Transition agent

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A transition agent (in open assessment) (muutosagentti[1] in Finnish) is a person who actively promotes open assessment among new groups of potential users. The work is based on acknowledgement of the diffusion of innovations (a theory by Everett Rogers), which is a process where a new technology or innovation gradually starts to be used in a society. The speed of the diffusion process is affected by how potential users perceive its

  • relative usefulness compared with the current practices,
  • compliance with previous experience, values, and needs,
  • complexity,
  • testability, and
  • visibility.[2]

In addition, important factors include social norms, communication channels, transition agents, and opinion leaders.

A transition agent attempts to remove barriers of open assessment, and facilitate its use among policy-makers, stakeholders, assessors, and researchers. The work of an agent can include e.g.

  • contacting potential stakeholders related to a specific assessment case and collect their views on issues at hand,
  • giving practical guidance about Opasnet to new users,
  • working together with research projects so that they would produce scientific information in a form usable for assessments in Opasnet (as an example of a research data in Opasnet, see KTL Sarcoma study),
  • communicating results and conclusions of open assessments to the decision-makers, or society at large.

Examples of transition agents

There is a classical example of a transition agent work from the field of agriculture. The Research Institute of Agriculture (Maatalouden tutkimuskeskus, MTT) took the role of a transition agent in the 1950's. After the World War II, there was a scarcity of food in Finland, and there was a great need to increase agricultural productivity. However, artificial fertilizers were expensive. MTT developed an idea that the fertility of agricultural lands should be systematically and extensively measured across the country. Based on these measurements, detailed and evidence-based guidance on optimal fertilization chemicals, patterns, and amounts could be given. This approach could greatly improve the effectiveness of the expensive fertilizer, when they were used where most needed.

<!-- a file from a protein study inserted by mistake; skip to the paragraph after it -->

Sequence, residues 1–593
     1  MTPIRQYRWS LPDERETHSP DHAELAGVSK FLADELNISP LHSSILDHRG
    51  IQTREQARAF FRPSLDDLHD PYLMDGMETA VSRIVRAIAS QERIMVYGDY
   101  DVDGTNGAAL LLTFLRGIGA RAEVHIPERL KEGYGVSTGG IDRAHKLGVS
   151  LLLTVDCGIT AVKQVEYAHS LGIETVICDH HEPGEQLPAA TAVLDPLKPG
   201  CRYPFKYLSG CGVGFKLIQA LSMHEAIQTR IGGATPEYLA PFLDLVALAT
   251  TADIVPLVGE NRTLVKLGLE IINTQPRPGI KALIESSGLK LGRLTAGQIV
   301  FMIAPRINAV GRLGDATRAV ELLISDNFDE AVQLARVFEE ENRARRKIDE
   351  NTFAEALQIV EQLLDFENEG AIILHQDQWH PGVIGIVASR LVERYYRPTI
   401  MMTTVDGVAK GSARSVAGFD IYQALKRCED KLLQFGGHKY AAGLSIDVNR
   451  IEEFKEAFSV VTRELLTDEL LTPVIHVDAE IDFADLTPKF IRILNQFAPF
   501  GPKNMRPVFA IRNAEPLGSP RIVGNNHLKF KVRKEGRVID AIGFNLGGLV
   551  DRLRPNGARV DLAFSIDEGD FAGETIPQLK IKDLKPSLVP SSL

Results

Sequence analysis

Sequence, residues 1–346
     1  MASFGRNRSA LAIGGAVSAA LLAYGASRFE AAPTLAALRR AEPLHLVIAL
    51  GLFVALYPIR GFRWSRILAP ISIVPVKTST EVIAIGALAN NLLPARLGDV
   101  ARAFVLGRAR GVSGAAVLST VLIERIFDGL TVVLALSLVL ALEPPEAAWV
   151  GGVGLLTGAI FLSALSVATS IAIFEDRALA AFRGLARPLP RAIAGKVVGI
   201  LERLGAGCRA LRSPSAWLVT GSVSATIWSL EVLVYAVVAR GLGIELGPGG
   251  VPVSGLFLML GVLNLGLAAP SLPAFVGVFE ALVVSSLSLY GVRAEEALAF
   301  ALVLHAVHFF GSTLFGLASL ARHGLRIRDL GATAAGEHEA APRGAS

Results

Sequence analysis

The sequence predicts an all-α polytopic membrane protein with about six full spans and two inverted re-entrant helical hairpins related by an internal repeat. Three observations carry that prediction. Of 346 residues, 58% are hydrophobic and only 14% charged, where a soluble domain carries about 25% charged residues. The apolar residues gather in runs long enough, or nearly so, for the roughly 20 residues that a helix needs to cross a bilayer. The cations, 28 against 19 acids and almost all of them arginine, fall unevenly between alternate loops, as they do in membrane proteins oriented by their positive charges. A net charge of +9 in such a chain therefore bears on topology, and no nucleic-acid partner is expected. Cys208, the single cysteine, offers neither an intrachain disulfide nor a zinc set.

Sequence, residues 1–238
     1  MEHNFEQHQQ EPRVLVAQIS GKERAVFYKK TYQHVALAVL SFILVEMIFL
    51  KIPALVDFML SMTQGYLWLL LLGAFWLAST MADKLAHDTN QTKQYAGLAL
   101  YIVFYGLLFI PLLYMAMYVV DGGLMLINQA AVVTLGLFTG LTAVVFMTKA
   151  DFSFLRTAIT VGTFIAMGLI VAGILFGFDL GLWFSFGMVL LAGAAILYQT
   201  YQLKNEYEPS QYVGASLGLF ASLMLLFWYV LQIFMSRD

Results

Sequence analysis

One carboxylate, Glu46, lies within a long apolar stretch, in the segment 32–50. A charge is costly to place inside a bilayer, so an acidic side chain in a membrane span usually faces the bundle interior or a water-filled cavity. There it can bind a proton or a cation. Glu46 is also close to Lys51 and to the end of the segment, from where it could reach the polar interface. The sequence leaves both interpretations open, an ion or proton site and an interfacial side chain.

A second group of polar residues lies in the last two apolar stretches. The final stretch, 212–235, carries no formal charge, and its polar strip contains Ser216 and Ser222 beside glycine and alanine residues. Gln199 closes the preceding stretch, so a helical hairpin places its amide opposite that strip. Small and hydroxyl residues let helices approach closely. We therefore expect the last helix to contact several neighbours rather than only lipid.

The director Jouko Vuorinen wanted to quickly diffuse the idea of fertility measurements into the Finnish agriculture. Therefore he and his colleagues went to meet such members of the Parliament that were farmers themselves. They were careful about that there was at least one farmer from each of the political party. MTT offered to do free fertility measurements for each of the Parliament members' farms. When the members saw the practical utility of the measurements with their own eyes on their own farm next summer, the Parliament quickly made important decisions to promote a large fertility measurement campaign in Finland. Because of his role as a transition agent, it was said about Jouko Vuorinen: "Even if he didn't do anything else in his life except starting the fertility measurement campaign, he would have earned his lifetime salary."[3]

See also


  1. Alvesalo, Ilpo (1996). Ihminen on tärkein muutosagentti. Futura 15: 1. Tulevaisuuden tutkimuksen seura, Turku. [1]
  2. Rogers, Everett M. (2003) Diffusion of Innovations, 5th ed.. New York, NY: Free Press. ISBN 0743222091 according to Wikipedia
  3. Citation needed